As often happens in the lead up to St. Patrick's Day, my sentimentality for Ireland grows exponentially; I begin to wax poetic about my family, wistfully contemplate another year of St. Patrick's Day spent in Canada, and hum and sing more Irish folk songs than I will the rest of the year combined. (My apologies to my coworkers; they've put up with a lot of unusual sounds from my cubicle lately.) The past three nights, I've been singing "In the Rare Old Times".
Oh Ronnie Drew, with your distinctively deep voice and piercingly blue eyes (both of which still make me a little weak in the knees despite the 46 year age difference and the fact you've been dead for over two years), your version of this song will always be my favourite. I heard you sing The Auld Triangle when I was nine and I've loved you ever since.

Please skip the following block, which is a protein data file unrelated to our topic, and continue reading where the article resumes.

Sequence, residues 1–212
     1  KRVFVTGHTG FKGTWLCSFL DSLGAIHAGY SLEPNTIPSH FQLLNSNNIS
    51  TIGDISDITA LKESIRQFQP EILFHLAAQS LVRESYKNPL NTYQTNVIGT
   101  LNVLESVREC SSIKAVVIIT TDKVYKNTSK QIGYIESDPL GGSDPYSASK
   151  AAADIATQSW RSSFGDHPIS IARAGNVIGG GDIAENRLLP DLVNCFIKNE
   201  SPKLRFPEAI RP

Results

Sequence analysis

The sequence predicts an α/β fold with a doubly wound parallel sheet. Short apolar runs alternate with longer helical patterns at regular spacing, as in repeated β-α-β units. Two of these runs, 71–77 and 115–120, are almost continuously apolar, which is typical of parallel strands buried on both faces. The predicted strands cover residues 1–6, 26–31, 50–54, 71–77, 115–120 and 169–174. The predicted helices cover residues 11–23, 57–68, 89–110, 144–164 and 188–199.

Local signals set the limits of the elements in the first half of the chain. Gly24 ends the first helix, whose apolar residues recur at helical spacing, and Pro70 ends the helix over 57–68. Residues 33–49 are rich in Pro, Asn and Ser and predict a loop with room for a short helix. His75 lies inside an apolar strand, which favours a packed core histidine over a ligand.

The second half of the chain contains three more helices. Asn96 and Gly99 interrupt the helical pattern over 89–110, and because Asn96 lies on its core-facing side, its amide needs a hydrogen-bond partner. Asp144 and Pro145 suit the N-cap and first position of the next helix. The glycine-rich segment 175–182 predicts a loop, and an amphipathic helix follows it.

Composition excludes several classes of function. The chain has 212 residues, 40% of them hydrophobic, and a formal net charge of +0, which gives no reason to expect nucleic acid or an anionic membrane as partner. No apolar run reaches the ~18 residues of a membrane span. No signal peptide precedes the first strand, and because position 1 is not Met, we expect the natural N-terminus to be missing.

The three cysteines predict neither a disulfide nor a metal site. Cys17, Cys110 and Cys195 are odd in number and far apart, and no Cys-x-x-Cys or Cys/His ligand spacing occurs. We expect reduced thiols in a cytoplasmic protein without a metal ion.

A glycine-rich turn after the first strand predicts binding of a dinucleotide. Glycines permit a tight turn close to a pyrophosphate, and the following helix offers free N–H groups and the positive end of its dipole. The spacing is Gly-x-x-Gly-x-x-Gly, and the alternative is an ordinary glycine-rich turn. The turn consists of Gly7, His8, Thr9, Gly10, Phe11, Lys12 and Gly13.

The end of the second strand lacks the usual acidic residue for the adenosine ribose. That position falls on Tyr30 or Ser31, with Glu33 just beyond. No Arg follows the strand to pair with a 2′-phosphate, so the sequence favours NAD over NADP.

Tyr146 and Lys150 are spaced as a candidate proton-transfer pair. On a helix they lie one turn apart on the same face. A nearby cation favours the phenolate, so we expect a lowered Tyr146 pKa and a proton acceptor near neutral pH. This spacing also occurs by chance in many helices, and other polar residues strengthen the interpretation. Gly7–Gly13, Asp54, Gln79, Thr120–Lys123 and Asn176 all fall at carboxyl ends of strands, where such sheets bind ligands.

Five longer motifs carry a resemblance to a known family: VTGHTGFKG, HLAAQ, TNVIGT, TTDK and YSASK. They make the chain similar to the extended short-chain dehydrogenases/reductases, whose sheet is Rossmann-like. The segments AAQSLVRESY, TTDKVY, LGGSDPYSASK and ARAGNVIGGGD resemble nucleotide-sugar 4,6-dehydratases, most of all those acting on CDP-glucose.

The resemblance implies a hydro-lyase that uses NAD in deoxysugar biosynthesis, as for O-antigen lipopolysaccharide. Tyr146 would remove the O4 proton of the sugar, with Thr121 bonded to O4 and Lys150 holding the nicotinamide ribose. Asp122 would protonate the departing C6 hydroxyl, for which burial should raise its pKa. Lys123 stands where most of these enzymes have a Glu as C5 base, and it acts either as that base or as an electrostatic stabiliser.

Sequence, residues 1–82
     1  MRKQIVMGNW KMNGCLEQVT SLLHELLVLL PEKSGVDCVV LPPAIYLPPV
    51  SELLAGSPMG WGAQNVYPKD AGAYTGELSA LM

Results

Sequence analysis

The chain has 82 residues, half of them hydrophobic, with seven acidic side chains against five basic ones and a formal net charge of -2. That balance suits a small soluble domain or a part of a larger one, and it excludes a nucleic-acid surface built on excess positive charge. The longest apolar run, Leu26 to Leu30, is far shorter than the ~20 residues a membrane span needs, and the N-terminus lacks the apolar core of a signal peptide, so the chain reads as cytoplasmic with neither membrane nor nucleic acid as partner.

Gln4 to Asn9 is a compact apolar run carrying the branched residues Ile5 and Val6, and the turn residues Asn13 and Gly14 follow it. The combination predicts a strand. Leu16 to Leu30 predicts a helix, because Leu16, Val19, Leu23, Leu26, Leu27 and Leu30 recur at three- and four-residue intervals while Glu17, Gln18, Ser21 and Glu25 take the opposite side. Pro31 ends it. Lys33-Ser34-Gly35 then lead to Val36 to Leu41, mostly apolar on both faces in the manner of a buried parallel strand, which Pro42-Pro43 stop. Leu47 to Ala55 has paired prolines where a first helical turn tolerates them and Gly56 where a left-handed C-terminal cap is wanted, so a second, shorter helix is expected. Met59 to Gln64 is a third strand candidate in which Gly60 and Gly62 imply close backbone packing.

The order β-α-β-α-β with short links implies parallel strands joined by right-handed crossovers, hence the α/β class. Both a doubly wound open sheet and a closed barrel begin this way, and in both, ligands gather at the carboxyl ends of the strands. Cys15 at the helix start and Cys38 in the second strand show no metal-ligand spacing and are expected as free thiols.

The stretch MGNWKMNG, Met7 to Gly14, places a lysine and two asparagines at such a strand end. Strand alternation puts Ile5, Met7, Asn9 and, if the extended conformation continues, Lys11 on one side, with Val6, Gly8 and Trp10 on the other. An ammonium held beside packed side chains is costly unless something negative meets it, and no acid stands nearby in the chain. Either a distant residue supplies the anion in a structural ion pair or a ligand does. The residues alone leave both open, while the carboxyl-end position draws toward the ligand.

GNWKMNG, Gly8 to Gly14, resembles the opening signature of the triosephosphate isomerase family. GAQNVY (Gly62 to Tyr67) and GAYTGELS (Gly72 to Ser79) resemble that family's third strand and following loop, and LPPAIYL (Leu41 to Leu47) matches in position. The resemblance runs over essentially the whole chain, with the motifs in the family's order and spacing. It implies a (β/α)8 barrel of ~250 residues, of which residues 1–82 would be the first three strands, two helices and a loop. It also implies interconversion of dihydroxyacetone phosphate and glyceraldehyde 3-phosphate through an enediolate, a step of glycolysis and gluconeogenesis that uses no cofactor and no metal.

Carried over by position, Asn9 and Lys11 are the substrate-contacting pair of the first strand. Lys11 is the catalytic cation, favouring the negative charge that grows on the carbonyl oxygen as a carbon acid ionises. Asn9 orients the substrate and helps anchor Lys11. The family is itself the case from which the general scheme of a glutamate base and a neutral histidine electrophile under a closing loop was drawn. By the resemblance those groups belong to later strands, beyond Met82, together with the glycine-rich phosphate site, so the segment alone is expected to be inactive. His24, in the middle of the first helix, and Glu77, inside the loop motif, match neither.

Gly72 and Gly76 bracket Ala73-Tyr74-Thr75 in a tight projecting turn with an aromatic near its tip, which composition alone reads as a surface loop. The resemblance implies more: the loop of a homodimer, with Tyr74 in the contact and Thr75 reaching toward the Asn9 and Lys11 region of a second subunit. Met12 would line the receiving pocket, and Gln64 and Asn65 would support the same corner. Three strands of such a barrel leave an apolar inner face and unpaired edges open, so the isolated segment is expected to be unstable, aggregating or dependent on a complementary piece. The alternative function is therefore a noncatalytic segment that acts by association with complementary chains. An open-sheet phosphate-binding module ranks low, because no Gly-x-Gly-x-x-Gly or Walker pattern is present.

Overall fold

Ireland has changed a lot in the 30 years I've been alive. Each time I return to see my family, I find something new. The peat bogs my dad used to take us out to are all gone. There's no need for peat when you have central heating so the bogs have been drained for farming. The donkeys that used to pull the farmer's carts to town even in the 80's have all been replaced with tractors. Dublin's north bank has undergone a major clean up since the days we used to drive through it coming down from Grannie's in Monaghan. All the cute, winding country lanes with their ridiculously fast speeds of 80kmh have been bypassed by the new dual carriageways which now cover the countryside.
Change is not an inherently bad thing but when it happens to a place you love and you're not there to watch it happen naturally, it can be a little shocking to the system upon your return.
With that in mind, I think I will sing this song before I go to bed. And Ronnie Drew, I hope I do you proud.
I'll save my rendition of The Auld Triangle for next St. Patrick's Day.